Notifying other tasks from a Timer callback

amilaperera wrote on Wednesday, February 07, 2018:

What would be the most accepted way to notifying other tasks from a timer callback.

I have framework where each task has its own Queue and waits for the queue. When a timer expires I would ideally want to send a message to the queue allowing the task to process the timer expiration. But still there’s a chance that the queue is filled which in turn might keep the timer callback blocked which is not good. Of course, I can pass 0 as the block time, but this in turn would return without placing the item(when the queue is full), in which case I will miss the timer notification entirely.

Are EventGroups better way to handle this than Queues ?

Are the events in FreeRTOS queued ? If another event arrives while the current event being processed, will the latest event be missed ?

I know that Q1 & Q2 are not related, the second question just came to mind while thinking about event groups for this particular case.

Thank you for the help in advance.


rtel wrote on Wednesday, February 07, 2018:

Are the events in FreeRTOS queued ? If another event arrives while the
current event being processed, will the latest event be missed ?

I’m assuming here you are referring to an event bit being set as the event.

Event bits are binary, they are either set or not, so if a bit is
already set when another event occurs it cannot be set again and the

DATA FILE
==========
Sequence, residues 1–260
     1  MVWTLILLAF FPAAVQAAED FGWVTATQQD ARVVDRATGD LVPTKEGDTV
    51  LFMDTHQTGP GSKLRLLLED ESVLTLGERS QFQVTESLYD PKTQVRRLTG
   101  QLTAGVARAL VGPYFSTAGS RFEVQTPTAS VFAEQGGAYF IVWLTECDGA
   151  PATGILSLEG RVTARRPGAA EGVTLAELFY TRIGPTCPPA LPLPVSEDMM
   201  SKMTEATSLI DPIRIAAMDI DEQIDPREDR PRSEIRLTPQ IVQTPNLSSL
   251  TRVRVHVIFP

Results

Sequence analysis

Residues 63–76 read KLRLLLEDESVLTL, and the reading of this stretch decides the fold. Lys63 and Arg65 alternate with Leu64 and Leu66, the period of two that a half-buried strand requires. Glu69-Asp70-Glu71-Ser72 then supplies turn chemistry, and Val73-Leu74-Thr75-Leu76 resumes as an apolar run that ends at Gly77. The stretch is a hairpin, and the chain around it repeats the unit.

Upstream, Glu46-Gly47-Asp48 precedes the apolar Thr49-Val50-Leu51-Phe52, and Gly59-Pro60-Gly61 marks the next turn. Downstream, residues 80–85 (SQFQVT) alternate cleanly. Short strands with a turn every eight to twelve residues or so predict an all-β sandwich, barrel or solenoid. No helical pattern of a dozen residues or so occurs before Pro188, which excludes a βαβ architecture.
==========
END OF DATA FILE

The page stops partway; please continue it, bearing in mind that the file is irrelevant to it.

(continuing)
information that two events occurred is lost. You could use a counting
semaphore to avoid that - counting semaphores keep a count of events
that occur so increment each time the semaphore is given and decrement
each time the same semaphore is taken.

If there is only one reader and one writer then you could consider using
a message buffer instead of a queue - that would be more efficient, but
doesn’t get around your problem of what to do if the queue is full.

One option might be to have the priority of the timer task below the
priority of the tasks that drain the queues - that way the timer task
would always find the queues empty. An advantage of that is you could
use shorter queues and save RAM - however maybe that is not feasible as
I don’t know the requirements of your system.

amilaperera wrote on Wednesday, February 07, 2018:

Hi Richard,

Thank you for the clarification.
I understand that events are not queued and it is just a bit being set/cleared, and consecutive events won’t get registered.

For notifying other tasks from the timercallback, the best option I would think is the last mentioned one. I really had it in my mind, but it is a commitment that all the other tasks should make as not to prioritize thier tasks above the timer task - my system will eventually have a dozen of tasks.
But in my case, I assume this should be fine, since I can make a single higer priority task(core system task that communicates with all the other tasks in the system) handle all the timer callbacks which in turn can notify the other tasks simpy by writing to their respective queues.

Thank you once again for the valuable feedback.


richard_damon wrote on Thursday, February 08, 2018:

One way to handle you issue that comes to mind is that you could create a dedicated task with a counting semaphore that the timer signals, then that task signals all the others. That way the timer task can’t find a full queue (you can allow the counting semaphore to count to a fairly large value, so if you fall that far behind something is really wrong),